Thursday 8th of June 2017 is fast approaching and your vote is vital, but who should you vote for? What’s best for the country? And what does the future hold for us all? There are many questions and great confusion that surrounds this rushed election, luckily you have this article to hand that breaks down the basics so that you can be informed on your choice before you reach the ballot.
What is it?
This election is a general election, this means that you are voting for the party that you want to form a government in Westminster and run the country. By casting your vote you are electing an MP that will represent your constituency (area) in the House of Commons, the party with the most MP’s will ultimately win the election and create the next government.
Why is it happening?
Theresa May (Conservative leader and current PM), called this election as a result of backbench rebellions and general disagreement in Parliament following the Brexit vote. By giving the UK a chance to vote again Theresa May is hoping to gain some legitimacy (as she’s not an elected PM) and a Brexit mandate, however this is only if the Conservative party are re-elected as it is possible that another party may win. This election is ultimately a chance for the British public to respond to the result of Brexit by choosing the party they feel will carry the UK forward best in arranging a deal with the rest of the EU as we exit.
Who can I vote for?
There are an array of third parties rising in the UK however this article is discussing the three main political parties in the UK: The Conservative Party, The Labour Party and The Liberal Democrats. If you vote for the Conservatives you will be electing Theresa May as your prime minister, if you vote for the Labour party you will be electing Jeremy Corbyn as your prime minster and if you vote for the Liberal Democrats you will be electing Tim Farron as your leader.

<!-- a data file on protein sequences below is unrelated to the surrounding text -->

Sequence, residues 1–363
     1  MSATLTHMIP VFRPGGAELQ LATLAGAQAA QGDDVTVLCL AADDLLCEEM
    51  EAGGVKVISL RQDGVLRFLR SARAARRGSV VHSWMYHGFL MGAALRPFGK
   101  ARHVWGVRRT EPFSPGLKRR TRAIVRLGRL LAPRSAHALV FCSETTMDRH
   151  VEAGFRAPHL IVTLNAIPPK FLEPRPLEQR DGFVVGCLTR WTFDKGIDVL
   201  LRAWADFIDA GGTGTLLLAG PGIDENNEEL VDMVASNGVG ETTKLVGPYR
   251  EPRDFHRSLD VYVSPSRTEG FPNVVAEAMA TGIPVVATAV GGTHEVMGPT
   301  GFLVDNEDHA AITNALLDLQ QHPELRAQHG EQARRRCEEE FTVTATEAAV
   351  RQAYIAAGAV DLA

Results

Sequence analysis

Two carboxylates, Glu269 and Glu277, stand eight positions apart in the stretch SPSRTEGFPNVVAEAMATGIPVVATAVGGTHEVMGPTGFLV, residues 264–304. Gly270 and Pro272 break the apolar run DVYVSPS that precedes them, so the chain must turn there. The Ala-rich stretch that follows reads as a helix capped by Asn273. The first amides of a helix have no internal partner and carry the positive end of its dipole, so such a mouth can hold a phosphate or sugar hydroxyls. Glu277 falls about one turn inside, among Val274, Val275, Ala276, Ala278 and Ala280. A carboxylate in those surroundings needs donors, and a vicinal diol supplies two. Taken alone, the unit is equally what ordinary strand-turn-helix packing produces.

What do the parties stand for?
The Conservative Party are a centre-right party that follow a conservatism philosophy.
Conservatism: 1) a commitment to traditional values and ideas with opposition to change or innovation. 2)the holding of political views that favour free enterprise, private ownership, and socially conservative ideas.
I.e. they hold traditional beliefs and values and believe in a smaller role for the state.
The Labour Party are a centre-left party initially formed by trade unions and socialists, they are often associated with socialism
Socialism: a political and economic theory of social organisation which advocates that the means of production, distribution, and exchange should be owned or regulated by the community as a whole.
I.e. they hold more liberal social views and believe that the state should play a larger role e.g. welfare, government run establishments like the NHS etc.
The Liberal Democrats
The Lib Dems formed in 1988 as a result of the union between The Liberal and Social Democrats parties, although classically Liberal they follow a similar political ideology to the Labour party
Liberal: in a political context favouring individual liberty, free trade, and moderate political and social reform
What are these people planning for our country?
As this election was announced months before it was due to take place the major parties have not yet released manifesto’s however, they have a series of plans and statements about their running of the country on their official sites:
- The Conservative Party claim that “Every single vote for Theresa May and the Conservatives is a vote for strong and stable leadership in the national interest. It is a vote to strengthen Britain’s negotiating position to ensure we get the best Brexit deal possible, and it is a vote to strengthen our economy.”
Their ‘Long-Term Economic Plan’ for the country can be accessed here
- The Labour Party state that “Labour’s aim is to rebuild and transform Britain, for the many not the few”. They go on to introduce ‘Jeremy Corbyn’s 10 Pledges to Transform Britain’, this a list of 10 intentions that Labour have for the country that they say will create their ‘manifesto’
To view Corbyn’s 10 pledges click here
- Whilst The Liberal Democrats say that they are “the only party fighting to keep Britain open, tolerant and united”. Also on their site are their stand points on various issues from the EU to housing
To see the Liberal Democrats response to ‘Issues’ click here
It is incredibly important that we all go and vote, taking part in politics is essential to the democracy of our country. Without voting you can’t have your voice heard in Parliament, we are in ever changing times and it is the younger generations who will be greatest affected by the results of this election. And yet in the previous 2015 election only 44% of 18-24yr olds voted, so go on register and take control of your future.
To register to vote click here and remember you must be over 18 to vote.